Thursday, July 14, 2016

What We Are Made Of

In this week's parsha, Chukas, we read about the passing of Miriam, and the well of Miriam drying up. We read how the Jewish people were thirsty, Moshe hit the rock and water came out once again. We were so close to the Holy Land, but couldn't get in, Edom wouldn't allow us passage through their land. Then, Aaron's passing, the second war against Amalek, and finally we were forced to turn back and take the long way around the land of Edom.

Disheartened, they turned against Hashem and Moshe, "Why did you bring us up from Egypt to die in the desert..." Hashem sent snakes which bit them, and many died. Realizing that they were wrong, they asked for forgiveness, and that Moshe pray for them, which he did immediately. Hashem told Moshe to make a copper snake and put it on a staff. Anyone bitten, would look at the snake and live. This is followed by miracles and victories.

Even though life was getting more and more difficult for them, the expectation was that we remain loyal to Hashem and to Moshe.

Why is so much expected from us? Why did Moshe forgive them so quickly? What is the the idea of looking at the snake, that saved them?

The first lesson found here, is that we are different and special. We are The Chosen People for a reason, because Hashem sees the amazing qualities we have over all other nations of the world. The world sees that we are special as well, and they expect us to keep to higher standards. This is why when a Jew does something wrong, it is a bigger deal than when a non Jew does the same act. When our faith is tested over and over again, through struggles, suffering and letdowns, we have it in us to remain strong in our faith and belief. We know that Hashem is in control and that He knows what He is doing. We understand that every setback is really a stepping stone to something much better. We need to rise above in every situation, and when we don't, we let down Hashem, the world and worst of all ourselves.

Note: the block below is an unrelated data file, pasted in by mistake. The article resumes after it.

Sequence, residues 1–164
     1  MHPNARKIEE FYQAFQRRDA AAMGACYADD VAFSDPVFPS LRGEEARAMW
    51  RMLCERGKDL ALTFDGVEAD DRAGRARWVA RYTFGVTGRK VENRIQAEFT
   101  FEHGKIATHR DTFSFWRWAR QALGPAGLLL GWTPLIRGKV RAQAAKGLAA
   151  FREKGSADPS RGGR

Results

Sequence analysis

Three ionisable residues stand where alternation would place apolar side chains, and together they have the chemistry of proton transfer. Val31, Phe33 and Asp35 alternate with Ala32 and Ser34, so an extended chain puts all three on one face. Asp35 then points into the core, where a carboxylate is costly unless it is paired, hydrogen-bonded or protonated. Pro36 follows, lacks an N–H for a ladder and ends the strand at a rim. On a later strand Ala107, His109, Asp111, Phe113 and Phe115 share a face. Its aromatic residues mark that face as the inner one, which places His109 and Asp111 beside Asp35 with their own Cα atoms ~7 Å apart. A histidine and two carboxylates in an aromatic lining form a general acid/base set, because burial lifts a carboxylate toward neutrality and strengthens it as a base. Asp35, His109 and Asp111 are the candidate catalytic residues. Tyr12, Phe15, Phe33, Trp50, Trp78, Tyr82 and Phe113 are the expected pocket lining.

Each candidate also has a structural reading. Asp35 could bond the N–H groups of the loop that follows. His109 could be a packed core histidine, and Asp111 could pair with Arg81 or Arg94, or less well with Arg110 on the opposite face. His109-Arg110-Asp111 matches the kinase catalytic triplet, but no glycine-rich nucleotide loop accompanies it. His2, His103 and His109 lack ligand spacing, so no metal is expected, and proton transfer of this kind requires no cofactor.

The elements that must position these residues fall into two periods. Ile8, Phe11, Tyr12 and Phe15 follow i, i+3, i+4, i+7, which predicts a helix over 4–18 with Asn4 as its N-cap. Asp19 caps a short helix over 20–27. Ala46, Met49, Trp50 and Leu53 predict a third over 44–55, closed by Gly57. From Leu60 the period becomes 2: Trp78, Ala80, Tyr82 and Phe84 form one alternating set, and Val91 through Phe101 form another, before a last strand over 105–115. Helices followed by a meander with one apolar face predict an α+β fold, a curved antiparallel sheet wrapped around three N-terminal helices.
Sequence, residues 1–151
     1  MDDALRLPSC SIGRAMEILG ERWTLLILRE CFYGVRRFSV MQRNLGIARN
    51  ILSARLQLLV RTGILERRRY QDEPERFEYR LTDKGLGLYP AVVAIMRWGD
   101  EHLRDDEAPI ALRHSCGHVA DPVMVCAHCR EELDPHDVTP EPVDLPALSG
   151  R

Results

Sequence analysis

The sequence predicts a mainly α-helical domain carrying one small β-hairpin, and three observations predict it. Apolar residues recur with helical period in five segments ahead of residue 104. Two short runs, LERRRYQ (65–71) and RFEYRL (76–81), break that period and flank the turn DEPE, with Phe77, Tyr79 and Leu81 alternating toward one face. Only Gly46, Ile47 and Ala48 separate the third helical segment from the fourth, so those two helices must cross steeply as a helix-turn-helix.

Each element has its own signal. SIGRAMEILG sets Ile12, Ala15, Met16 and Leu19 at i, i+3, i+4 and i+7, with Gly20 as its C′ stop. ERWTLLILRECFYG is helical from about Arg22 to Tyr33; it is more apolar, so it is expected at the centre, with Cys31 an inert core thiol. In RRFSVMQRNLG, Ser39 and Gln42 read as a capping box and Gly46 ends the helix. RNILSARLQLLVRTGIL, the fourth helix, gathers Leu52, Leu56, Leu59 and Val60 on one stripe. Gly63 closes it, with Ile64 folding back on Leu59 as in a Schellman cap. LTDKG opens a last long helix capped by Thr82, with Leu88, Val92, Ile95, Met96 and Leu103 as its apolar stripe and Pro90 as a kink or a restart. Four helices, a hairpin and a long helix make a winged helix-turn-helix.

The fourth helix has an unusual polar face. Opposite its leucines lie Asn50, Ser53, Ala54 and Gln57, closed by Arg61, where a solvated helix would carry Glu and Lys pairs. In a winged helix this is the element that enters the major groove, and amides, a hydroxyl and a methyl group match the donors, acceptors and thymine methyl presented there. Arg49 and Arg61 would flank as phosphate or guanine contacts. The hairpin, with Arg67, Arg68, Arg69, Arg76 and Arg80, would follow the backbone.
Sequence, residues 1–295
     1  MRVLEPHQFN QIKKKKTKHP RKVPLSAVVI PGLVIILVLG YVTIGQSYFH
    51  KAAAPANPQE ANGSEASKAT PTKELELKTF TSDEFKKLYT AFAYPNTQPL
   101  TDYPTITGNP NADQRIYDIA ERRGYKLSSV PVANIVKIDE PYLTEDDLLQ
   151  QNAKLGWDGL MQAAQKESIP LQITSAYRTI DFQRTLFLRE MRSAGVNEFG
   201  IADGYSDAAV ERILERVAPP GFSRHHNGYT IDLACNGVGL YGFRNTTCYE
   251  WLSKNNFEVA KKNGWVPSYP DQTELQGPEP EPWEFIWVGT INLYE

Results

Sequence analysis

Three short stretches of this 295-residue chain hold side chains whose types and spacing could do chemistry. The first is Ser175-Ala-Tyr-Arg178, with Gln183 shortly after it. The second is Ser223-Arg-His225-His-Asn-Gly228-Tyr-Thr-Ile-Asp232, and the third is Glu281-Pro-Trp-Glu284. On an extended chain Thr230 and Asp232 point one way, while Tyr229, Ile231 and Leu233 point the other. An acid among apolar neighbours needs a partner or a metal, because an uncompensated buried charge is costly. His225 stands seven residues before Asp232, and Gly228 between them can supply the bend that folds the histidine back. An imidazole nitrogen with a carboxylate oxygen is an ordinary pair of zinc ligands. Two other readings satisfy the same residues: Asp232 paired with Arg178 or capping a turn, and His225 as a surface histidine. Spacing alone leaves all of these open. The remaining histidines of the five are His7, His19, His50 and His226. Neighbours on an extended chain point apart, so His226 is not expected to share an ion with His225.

The second lesson is that when we realize that we are wrong, we ask for forgiveness. And when we are asked for forgiveness sincerely, we should forgive immediately.

The copper snake was placed on a staff, so that you had to look up to it, and so, you were looking up to our Father in heaven. This is the key to being the special people we are, is that we are connected to Hashem and we realize that everything is from Him. When we realize that, the miracles and victories begin.

This parsha is the story of of our lives, the struggles, the suffering, the miracles and the victories. The main thing is to keep our focus on Hashem.

It is now over three years since my diagnosis and these ideas are some of the things that keep me going. First, I realize that I am not being punished, rather I have been placed in a unique position so I can accomplish the unique mission I have been charged with. Second, I have made it my way to ask forgiveness when I am wrong, or when I do something hurtful. It is hard, but it has saved me from heartache and aggravation and it has made life more pleasant for me and the people in my life. Third, and most important, recognizing that Hashem is in control, I don't have to obsess over what I am going through, He knows what He is doing, it is all from Him, and as long as the focus is on Hashem life is meaningful.